Does Brick and Mortar Marketing Still Work For Retail?

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Brick and mortar businesses are tough to manage in today’s digitally-driven economy. As more consumers turn to online shopping for quick and convenient access to goods and services, many businesses are faced with complex challenges. There are merchandise limitations, more overhead charges (like rent), and tougher consumer education challenges. But this doesn’t mean you’re out of solutions. Here’s how you can make brick and mortar marketing work for you: 

Have An Online Component 

You may have heard of the phrase, “brick and click.” This concept is fairly simply: today, many consumers walk into physical locations and consider the space more of a “showroom” than a store that demands immediate purchases. Of course, there are ways you can incentivize in- store purchases, but it’s important to have an integrated strategy as a brick and mortar business. 

You can’t afford to ignore the fact that many people will walk into your store, check out what you have to offer, and potentially make a purchase after they walk out. Add an online ecommerce store as an extension to your brick and mortar to suit these types of shoppers—as well as those who don’t live in the area. 

Invest In Direct Mail 

Contrary to popular belief, direct mail is not dead. So what is direct mail, exactly? Direct mail is a marketing tactic that utilizes physical mail to attract consumers. Although it’s considered more of an old school marketing tactic, data shows that it’s much more attractive than you might think. One study even found that physical mail successfully creates a deeper connection with the recipient, allowing a piece of marketing to stick longer than an online ad would. Today’s consumers ignore many ads, and since 2016, the direct mail consumer response rate increased by 43%. 

And with so many online tools, you can target your demographic easier than ever, honing in on neighborhoods that match your ideal metrics. For example, if you’re targeting budget students, there’s plenty of online data that reveals where that market is residing. You can also get as creative as you want with your direct mail efforts, designing custom window envelopes or even some 3D mailers if you’ve got the budget. Most importantly, the effectiveness of your direct mail campaigns are easier than ever to track. 

Create Deals on Discount Sites 

Discount sites aren’t just about cutting the prices of your services and products; think of these deals as a “trial” potential customers to see what you have to offer. The fact is, many people aren’t sure that they want to spend the money on a business they have no history with—especially when that business is new. Creating deals on sites like Groupon allows you to capitalize on consumers that have reservations.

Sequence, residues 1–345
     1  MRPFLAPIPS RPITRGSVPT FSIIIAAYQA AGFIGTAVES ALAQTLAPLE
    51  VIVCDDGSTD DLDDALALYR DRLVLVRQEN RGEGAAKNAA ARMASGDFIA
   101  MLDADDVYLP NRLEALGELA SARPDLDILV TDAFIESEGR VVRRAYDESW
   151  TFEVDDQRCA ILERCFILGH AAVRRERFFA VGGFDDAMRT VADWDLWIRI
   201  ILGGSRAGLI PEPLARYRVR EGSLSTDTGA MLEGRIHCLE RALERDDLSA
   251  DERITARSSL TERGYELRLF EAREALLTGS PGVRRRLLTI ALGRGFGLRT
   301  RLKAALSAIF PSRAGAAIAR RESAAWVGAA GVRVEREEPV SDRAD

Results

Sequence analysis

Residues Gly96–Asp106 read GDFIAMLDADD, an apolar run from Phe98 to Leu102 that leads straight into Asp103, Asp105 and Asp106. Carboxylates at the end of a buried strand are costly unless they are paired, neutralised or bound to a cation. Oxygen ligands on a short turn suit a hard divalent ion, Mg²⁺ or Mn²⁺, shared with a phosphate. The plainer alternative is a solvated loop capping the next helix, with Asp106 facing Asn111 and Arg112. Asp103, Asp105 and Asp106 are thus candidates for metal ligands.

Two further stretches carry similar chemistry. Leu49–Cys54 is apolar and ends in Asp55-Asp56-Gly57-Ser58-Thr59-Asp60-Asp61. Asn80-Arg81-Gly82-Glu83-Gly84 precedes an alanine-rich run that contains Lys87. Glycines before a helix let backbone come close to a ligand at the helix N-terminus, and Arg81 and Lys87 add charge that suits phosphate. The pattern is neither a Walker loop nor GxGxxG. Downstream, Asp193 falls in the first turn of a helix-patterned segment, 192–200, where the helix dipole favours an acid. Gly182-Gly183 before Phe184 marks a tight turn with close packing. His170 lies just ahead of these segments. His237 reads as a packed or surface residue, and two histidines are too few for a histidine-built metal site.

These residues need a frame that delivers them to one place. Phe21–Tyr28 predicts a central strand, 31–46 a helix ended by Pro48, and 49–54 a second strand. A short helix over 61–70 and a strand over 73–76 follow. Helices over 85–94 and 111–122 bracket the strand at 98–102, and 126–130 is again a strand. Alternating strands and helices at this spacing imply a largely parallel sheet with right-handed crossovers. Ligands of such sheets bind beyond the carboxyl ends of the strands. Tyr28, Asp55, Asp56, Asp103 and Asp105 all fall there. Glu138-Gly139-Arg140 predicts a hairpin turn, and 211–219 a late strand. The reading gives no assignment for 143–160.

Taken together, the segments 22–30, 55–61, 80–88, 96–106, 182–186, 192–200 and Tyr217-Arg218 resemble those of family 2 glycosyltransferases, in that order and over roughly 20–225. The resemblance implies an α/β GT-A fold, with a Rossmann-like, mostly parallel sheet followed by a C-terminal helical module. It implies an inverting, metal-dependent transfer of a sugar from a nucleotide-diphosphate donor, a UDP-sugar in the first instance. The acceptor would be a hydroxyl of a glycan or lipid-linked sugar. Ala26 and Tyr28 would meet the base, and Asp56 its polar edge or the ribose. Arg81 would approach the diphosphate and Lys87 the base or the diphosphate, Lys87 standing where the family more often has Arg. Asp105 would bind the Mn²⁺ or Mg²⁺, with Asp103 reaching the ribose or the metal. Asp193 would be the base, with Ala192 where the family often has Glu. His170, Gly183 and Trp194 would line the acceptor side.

Invest In Your Database 

Building your database is one of the most important things any business can do. Your email list can prove golden for all your future marketing efforts. By collecting information from your visitors (both online and offline), you can send more personalized marketing campaigns, increasing your chances of a conversation. And numerous studies have shown how retaining current customers is much easier than acquiring new ones. 

With this in mind, always be building your database and thinking of creative ways to reach them. There are also creative ways you can encourage them to provide personal contact details. For example, you might host a contest for people who drop their business cards into a fish bowl, start a loyalty program, or host giveaways. 

Advertise A Loyalty Program 

Loyalty/reward programs are a great way to boost your retention rates. Loyalty programs incentivize consumers to continue purchasing from your store. Use loyalty program platforms to help manage your loyalty programs and keep track of how effective they are. If possible, build an app for your loyalty program and/or retail shop. Furthermore, studies have shown that loyalty programs increase customer spend, provide you with more relevant customer data, and allow for better customer communication. 

Don’t Ignore Content 

Content is a great way for retailers to appeal to search engines and become more easily discovered by people around you. As previously mentioned, your strategy should have an online component—even when your goal is to drive in-store traffic and sales. For example, depending on the nature of your business, you could focus on video or written content. If you owned a hardware store, you might shoot tutorials using your products, providing informative content for people looking for DIY tips and tricks. With that in mind, it’s also important for you to invest in local SEO, making it easier than ever for local consumers to find and visit your retail location.

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